Biochemical processes depend largely on the shapes of molecules. Receptors in our tongues and noses deliver taste and smell information to our brains based on the shapes of molecules. Many drugs bind in a way that is completely dependent on the shape of one molecule fitting with the shape of another (like two puzzle pieces fitting together).
The binding of receptors in the body drives many everyday processes like the production of ATP to get energy from your food. If the shape of any molecule involved in the process is modified, the entire process is out-of-whack and the body does not function.
Oxygen is a wonderful example to highlight the importance of molecular shape. Oxygen is essential for us to stay alive (as we all know). It travels through the body attached to the heme molecule in the blood. Oxygen binds to heme at a slight angle due to its valence structure including two groups of lone-pair electrons. In the presence of carbon monoxide, the heme binds to it rather than oxygen gas. (Carbon monoxide is more reactive.) There is also a bulky histidine group near the oxygen/heme or carbon monoxide/heme binding site. With it, nature built in a structural protection against CO poisoning: the histidine group prohibits the carbon monoxide from binding at a 180 degree angle. It must bind at a bent angle and is, therefore, not as strong of a bond as it otherwise would be. This is why carbon monoxide poisoning can be reversed if the subject is brought into the presence of pure oxygen again. The histidine prevents the heme/carbon monoxide bond from being irreversibly lethal.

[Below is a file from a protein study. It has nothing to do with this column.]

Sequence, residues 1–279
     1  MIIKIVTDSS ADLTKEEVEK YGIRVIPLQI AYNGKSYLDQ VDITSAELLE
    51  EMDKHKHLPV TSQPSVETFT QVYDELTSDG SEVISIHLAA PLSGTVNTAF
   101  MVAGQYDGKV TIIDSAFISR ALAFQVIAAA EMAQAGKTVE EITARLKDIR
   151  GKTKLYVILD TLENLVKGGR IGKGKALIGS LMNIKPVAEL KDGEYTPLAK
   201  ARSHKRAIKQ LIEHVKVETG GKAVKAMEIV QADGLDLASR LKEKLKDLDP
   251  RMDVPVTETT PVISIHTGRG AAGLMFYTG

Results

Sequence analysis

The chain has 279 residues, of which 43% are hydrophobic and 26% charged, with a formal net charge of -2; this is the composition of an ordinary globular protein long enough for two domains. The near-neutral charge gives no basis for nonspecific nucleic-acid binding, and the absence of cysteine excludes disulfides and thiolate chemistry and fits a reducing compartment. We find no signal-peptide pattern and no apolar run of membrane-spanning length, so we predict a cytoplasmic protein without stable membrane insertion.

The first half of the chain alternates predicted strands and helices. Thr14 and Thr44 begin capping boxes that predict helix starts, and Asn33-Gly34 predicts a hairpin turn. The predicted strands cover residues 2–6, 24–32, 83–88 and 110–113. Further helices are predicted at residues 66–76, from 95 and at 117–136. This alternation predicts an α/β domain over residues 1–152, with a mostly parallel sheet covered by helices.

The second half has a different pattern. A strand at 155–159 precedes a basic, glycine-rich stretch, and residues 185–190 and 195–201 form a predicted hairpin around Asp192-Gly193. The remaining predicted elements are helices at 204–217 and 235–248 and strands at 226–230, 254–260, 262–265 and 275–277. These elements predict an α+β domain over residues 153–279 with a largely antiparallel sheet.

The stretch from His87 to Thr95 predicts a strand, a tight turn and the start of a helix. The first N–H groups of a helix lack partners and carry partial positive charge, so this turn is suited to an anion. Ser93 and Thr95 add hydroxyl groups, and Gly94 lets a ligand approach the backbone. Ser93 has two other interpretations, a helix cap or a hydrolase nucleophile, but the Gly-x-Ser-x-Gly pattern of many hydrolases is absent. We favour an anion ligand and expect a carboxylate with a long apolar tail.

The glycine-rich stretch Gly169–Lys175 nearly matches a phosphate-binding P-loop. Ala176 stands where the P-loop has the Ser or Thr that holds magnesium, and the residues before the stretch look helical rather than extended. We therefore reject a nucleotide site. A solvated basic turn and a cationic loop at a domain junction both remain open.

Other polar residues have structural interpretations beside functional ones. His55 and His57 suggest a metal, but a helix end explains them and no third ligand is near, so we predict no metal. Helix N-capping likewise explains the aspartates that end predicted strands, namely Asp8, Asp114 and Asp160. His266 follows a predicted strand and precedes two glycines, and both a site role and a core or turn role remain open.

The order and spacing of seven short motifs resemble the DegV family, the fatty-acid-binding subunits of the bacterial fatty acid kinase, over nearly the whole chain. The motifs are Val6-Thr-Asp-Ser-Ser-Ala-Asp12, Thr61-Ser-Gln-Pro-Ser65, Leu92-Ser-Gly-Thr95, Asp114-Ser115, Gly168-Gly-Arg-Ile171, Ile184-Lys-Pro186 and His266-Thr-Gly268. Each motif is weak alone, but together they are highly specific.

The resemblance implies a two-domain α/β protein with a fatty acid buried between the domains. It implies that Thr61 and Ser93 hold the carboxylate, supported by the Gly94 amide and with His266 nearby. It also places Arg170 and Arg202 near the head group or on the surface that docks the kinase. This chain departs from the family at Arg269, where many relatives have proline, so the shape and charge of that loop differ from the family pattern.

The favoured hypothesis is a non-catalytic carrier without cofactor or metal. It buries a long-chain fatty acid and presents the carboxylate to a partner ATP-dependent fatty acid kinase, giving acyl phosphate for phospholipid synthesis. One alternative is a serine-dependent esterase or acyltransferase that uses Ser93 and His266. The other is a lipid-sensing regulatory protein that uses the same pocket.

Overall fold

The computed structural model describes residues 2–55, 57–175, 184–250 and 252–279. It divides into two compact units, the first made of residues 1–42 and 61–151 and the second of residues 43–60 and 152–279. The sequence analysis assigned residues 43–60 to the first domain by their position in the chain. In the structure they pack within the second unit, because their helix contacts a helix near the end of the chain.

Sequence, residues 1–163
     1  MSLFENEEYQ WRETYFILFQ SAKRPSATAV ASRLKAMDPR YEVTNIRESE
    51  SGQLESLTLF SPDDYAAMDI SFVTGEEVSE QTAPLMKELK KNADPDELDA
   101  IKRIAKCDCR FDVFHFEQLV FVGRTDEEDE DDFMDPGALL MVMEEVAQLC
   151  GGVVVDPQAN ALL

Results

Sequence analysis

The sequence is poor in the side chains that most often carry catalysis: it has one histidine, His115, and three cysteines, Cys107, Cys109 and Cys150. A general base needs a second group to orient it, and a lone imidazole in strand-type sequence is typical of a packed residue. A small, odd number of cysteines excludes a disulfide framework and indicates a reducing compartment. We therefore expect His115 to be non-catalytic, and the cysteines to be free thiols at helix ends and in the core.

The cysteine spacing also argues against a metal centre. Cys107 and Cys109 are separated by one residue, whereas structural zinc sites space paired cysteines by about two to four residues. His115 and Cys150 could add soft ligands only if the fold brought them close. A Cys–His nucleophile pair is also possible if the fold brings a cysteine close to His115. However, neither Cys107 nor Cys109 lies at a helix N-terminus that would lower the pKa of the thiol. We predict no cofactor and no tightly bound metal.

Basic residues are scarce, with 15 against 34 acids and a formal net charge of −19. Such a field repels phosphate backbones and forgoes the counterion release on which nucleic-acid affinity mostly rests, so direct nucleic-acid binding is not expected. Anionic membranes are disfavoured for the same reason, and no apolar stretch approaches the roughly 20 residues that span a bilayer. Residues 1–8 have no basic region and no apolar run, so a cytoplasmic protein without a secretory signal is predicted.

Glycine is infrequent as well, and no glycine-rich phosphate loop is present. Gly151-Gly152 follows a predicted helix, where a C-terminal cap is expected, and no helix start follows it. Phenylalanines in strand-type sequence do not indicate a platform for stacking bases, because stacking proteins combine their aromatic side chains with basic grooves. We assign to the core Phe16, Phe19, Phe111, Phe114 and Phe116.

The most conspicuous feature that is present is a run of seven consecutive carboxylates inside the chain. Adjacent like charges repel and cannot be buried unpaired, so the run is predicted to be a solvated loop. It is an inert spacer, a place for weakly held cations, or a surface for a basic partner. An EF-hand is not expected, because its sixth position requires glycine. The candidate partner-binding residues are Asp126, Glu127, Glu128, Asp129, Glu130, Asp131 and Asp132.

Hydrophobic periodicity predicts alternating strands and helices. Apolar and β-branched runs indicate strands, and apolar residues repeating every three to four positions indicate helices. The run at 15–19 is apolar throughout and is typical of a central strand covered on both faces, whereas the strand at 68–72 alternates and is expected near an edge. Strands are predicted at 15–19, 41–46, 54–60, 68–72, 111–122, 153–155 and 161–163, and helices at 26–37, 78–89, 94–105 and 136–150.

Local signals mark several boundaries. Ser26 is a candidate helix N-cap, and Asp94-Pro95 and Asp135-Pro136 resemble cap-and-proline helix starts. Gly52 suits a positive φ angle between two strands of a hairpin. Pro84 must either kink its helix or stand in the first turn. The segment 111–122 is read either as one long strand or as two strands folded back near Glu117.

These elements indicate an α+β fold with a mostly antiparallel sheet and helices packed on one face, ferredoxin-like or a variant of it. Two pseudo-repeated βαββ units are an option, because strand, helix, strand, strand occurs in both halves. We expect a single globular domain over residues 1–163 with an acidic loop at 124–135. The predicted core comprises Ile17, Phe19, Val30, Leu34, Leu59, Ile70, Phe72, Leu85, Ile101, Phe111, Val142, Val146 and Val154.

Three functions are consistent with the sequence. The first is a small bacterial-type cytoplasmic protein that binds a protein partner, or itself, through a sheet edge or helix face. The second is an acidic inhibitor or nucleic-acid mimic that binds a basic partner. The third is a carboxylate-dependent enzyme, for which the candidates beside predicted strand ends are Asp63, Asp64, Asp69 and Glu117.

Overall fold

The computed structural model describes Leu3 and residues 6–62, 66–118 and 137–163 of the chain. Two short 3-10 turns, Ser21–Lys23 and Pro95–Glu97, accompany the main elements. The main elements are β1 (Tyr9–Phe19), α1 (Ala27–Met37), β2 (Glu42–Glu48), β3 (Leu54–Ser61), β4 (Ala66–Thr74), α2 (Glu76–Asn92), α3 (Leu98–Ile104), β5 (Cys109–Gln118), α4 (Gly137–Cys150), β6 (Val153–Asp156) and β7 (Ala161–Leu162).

You can see in the figure that the carbon monoxide binds with the iron in a straight line (180 degree angle) without the presence of the histidine to hinder it. In the presence of the histidine, the VSEPR shape cannot be fulfilled because the histidine is in the way. Carbon monoxide cannot bind in a straight line, and must bond at an angle. At an angle, the bond is not nearly as strong and can be broken by moving into the presence of oxygen gas.